Landis reaches deal with U.S. Attorney’s office, must repay donations
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Thursday, August 23, 2012

Landis reaches deal with U.S. Attorney’s office, must repay donations

by Shane Stokes at 8:29 PM EST   comments
Categories: Pro Cycling, Doping
Former US Postal rider due in court Friday

Floyd LandisFormer top US Pro Floyd Landis has learned he will avoid jail time and a large fine if he can repay those who contributed to the defence fund fuelling to his battle to keep his 2006 Tour de France title.

Landis is due to be arraigned Friday morning in U.S. District Court in San Diego in relation to the charges connected a count of wire fraud; this related to the Floyd Fairness Fund, which was set up in late 2006. Its aim was to help him cover the costs of his legal challenge to his positive test at that year’s Tour de France, and drew in part on donations from members of the public.

According to ESPN, financial records for the FFF showed that 1,500 donors gave a total of $478,354.

A deal hammered out by Landis and his lawyer Leo Cunningham with the U.S. Attorney's Office has led to a deferred prosecution agreement; in plain terms, the case will be dismissed if he can pay back the donors within three years.

“I'm glad to have a concrete procedure for repayment in place,” he told on Thursday. “For me, taking the step of making restitution to the donors who were misled back then is one more step in righting the wrong choices I made and allows me to turn the page and to focus on what's next in life for me.

“I can never undo what happened, but to the extent that there are ways such as this that I can try to rectify things, I'll be more able to focus on the future and living an honest life after having done them.”

Landis has said that some of the larger donors have indicated that they do not wish to be repaid.

His total legal costs of fighting his case are understood to have approached $2 million. His bid to clear his name of the Tour de France doping charges was unsuccessful.

The terms of the deal will see the donors reimbursed by the court; after that, Landis has three years to repay the sum – or a portion of it, depending on what he earns - to the latter.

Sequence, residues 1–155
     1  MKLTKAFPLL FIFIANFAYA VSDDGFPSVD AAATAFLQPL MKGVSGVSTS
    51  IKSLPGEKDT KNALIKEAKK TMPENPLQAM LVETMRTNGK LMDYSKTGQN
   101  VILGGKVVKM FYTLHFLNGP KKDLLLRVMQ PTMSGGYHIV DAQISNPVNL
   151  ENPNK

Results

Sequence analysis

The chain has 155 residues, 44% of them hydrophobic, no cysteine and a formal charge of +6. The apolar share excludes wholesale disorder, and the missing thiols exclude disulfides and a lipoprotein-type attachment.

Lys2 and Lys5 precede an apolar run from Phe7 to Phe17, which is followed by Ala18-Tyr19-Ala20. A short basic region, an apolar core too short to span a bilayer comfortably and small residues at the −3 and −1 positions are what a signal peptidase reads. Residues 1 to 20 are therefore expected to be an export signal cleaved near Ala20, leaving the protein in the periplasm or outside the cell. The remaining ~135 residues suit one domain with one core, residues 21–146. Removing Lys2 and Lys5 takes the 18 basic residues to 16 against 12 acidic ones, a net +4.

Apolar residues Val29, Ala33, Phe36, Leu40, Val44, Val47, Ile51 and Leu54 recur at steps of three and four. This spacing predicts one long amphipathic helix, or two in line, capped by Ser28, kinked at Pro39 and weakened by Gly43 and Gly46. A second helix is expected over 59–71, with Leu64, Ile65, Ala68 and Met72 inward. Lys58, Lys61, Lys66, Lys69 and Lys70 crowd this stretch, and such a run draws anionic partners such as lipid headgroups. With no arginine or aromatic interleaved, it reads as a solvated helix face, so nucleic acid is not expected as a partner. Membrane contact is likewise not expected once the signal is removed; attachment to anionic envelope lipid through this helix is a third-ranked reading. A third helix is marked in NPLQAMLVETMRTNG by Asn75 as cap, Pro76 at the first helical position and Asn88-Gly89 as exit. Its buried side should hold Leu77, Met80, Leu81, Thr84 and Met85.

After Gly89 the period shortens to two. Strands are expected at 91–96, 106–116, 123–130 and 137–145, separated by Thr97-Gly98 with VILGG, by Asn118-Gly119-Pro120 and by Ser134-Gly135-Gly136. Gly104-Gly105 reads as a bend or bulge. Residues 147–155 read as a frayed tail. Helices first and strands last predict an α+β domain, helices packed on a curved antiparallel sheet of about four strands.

If the deal had not been reached, he could have faced up to twenty years in prison, a quarter-million dollar fine and also had to repay the donors.

Previously, Landis went all the way to the Court of Arbitration for Sport with his defence. He lost his case there but continued to say he was innocent. However he made an about turn in the spring of 2010 when he met with USADA on April 20th, admitting using banned substances and, it is believed, also talking about widespread doping on the US Postal Service team.

Ten days later he sent an email to a number of organisations and individuals in cycling, laying out specific admissions and allegations. These were later repeated in emails made public in May of that year.

That in turn led to a federal investigation into the team that was unexpectedly dropped on February 3rd by United States Attorney Andre Birotte Jr, much to the surprise of federal agents who had been gathering evidence,

USADA took up the reins, investigating Armstrong and others in relation to doping suspicions.

He and five others were eventually charged with a number of offences on June 29th.

Armstrong tried to overcome the USADA investigation via a federal court in Texas, but the judge Sam Sparks dismissed the case last week.

Armstrong has until later today to either accept USADA’s charges or to decide to go to arbitration. A statement is expected this evening.


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